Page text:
Why popular European grocer Lidl is entering the US market

Germany's Lidl says it will open 120 high-quality, low-price stores on the US East Coast by the end of 2018. 

Lidl US store design.

A new discount grocer is coming to town. And if its success in Europe is any indication, it might not be long before it comes to a town near you.

Lidl, a 40-year-old German grocery chain owned by Schwarz Group, Europe’s largest retailer and one of the biggest globally, announced Wednesday that it will open 20 stores in the United States this year, beginning in Virginia and the Carolinas. By the end of 2018, Lidl plans to open 100 more stores along the East Coast. The company runs 10,000 stores in 27 countries.

The grocer’s mantra in the US market is "high quality at a low price." According to Lidl’s research, says its spokesperson, this combination could use a boost in the US grocery retail business. “There’s too much compromise in the market around those two things,” says Lidl’s Will Harwood.

But Lidl (lee-duhl) says it won’t have to compromise by doing things like offering fewer products and smaller stores to keep prices low while raising food and shopping-experience quality. A smaller selection of products mostly under its own labels will make shopping more convenient and cheap. After all, that strategy has already worked for its German competitor Aldi and for Trader Joe’s, which is owned by a branch of Aldi. Aldi sells about 14,000 items, mostly under its own labels, compared to 30,000 available from various brands at traditional grocery stores.  

“They have made it radically simpler, cognitively, to execute a shopping trip,” write analysts from food industry research firm Hartman Group in a 2015 report about Aldi, which came to the US in 1976 and now has 1,600 stores in 35 states. It expects to expand to 2,000 stores by the end of 2018.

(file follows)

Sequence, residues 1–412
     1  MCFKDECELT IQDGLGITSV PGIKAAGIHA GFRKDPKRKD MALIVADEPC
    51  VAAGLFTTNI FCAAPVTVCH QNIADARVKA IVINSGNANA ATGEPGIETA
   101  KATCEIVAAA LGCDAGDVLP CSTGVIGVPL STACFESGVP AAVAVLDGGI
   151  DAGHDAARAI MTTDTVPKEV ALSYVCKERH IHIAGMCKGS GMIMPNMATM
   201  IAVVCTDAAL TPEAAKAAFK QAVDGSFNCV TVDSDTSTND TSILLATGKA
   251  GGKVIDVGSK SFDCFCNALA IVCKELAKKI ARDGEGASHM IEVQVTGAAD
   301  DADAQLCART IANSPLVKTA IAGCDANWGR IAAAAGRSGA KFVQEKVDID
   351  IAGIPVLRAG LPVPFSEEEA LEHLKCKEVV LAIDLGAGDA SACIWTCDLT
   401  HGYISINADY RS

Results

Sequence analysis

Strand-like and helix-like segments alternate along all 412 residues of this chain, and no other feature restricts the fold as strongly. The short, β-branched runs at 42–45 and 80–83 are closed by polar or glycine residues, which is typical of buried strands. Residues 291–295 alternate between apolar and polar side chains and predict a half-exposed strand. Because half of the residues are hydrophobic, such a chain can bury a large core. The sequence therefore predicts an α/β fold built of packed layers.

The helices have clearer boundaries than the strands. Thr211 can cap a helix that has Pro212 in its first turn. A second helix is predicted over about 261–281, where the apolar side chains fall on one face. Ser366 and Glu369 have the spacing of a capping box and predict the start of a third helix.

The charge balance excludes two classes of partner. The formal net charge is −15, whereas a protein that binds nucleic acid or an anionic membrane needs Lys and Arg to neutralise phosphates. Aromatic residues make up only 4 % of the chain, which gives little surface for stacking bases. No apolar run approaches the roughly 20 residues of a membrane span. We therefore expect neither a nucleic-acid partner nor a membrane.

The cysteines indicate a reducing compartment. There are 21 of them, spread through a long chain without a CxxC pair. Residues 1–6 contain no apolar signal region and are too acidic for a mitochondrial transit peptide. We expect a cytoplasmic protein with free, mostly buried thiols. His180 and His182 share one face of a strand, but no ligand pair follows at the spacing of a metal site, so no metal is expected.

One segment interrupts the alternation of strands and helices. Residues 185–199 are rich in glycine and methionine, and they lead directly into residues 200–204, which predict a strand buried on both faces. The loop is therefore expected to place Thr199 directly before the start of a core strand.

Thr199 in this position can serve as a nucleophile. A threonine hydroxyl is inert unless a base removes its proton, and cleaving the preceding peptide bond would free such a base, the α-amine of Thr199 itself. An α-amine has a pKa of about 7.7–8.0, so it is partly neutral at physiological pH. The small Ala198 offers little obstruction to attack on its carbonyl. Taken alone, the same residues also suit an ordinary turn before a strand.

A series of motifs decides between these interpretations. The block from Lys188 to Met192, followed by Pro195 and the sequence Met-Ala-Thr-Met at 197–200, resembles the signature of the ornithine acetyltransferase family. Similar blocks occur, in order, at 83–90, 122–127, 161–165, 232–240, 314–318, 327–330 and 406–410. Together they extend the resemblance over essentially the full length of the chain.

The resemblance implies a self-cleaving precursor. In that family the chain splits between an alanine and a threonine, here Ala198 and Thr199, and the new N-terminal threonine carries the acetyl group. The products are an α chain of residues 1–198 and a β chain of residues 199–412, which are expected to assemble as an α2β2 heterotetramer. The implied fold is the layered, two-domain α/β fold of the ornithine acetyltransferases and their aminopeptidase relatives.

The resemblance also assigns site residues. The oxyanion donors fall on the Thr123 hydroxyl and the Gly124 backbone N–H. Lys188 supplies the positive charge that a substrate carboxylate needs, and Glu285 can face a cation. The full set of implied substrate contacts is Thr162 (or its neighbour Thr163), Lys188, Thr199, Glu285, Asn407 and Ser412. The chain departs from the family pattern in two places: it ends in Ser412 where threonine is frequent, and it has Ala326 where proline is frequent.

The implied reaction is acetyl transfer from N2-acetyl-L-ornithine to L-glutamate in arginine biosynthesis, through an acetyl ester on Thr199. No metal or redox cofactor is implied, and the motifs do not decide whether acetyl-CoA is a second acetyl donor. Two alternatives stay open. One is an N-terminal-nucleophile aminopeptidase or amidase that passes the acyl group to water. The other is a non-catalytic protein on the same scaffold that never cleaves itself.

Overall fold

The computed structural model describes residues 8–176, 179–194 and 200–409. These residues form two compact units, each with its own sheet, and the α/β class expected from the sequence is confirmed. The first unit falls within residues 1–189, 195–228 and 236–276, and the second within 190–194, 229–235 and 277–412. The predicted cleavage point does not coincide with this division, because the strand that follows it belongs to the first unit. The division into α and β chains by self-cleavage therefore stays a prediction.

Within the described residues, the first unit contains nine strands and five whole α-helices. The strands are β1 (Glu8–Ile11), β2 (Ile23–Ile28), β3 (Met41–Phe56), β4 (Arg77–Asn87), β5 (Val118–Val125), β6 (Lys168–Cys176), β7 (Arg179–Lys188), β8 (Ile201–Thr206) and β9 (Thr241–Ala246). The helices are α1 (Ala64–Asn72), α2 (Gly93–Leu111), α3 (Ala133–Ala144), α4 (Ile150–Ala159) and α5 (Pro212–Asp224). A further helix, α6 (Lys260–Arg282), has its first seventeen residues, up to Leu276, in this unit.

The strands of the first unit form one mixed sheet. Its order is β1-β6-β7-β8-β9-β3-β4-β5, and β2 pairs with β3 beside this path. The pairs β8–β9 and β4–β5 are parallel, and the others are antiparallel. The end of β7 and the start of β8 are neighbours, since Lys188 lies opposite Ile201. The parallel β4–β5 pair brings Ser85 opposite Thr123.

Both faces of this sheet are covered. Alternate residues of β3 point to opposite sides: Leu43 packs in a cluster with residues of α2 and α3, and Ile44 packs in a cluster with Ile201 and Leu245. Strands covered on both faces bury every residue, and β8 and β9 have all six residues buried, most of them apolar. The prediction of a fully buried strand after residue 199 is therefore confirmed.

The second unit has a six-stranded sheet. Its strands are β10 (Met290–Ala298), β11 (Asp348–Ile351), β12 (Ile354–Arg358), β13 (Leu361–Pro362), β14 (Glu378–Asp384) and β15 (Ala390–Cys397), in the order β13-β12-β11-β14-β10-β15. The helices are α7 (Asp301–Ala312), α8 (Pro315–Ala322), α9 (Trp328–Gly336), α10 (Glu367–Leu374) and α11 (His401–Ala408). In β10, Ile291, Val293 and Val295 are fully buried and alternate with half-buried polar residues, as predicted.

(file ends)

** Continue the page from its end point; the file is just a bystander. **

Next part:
Like Aldi and Trader Joe’s, Lidl’s stores will be small by US grocery store standards, at about 36,000 square feet. For comparison, this is half the size of a Kroger store, which is about 77,000 square feet, and twice the size of a typical Trader Joe’s store.

Fewer products and smaller stores also means fewer staff and aisles for customers to snake through in search of one ingredient. Some products, reports The Washington Post, will appear on shelves in the boxes they were shipped in to keep costs down.

“A lot of the supermarkets are so large, it’s a challenge for people to go shopping,” Lidl’s US chief executive Brendan Proctor told the Post. “If I wanted to go in and get a bottle of ketchup – first of all, there are probably about 24 aisles in the store. I have to find what aisle it’s in. I get there, I find that there’s 50 types of ketchup. Who honestly needs 50 types of ketchup? So we can streamline that.”

As it does in Europe, Lidl says it will also carry a rotating selection of discounted home goods in its US stores, ranging from yoga pants to power drills. Every week there will be something different, says Mr. Harwood. “The non-food section is something that we offer in Europe and we find it very, very successful. Customers like to come in and find an element of surprise.” But unlike in Europe, the US stores will offer more of the traditional grocery offerings that Americans are used to, such as bread samples.

As Matt Sargent, senior vice president of retail at market research firm Frank N. Magid Associates points out, the Lidl approach in the US is part of a larger movement in retail. Companies such as Whole Foods, Wal-Mart, and Target – and even Amazon – all are testing small-store models to compete in a shopping landscape that is increasingly urban, discounted, and online.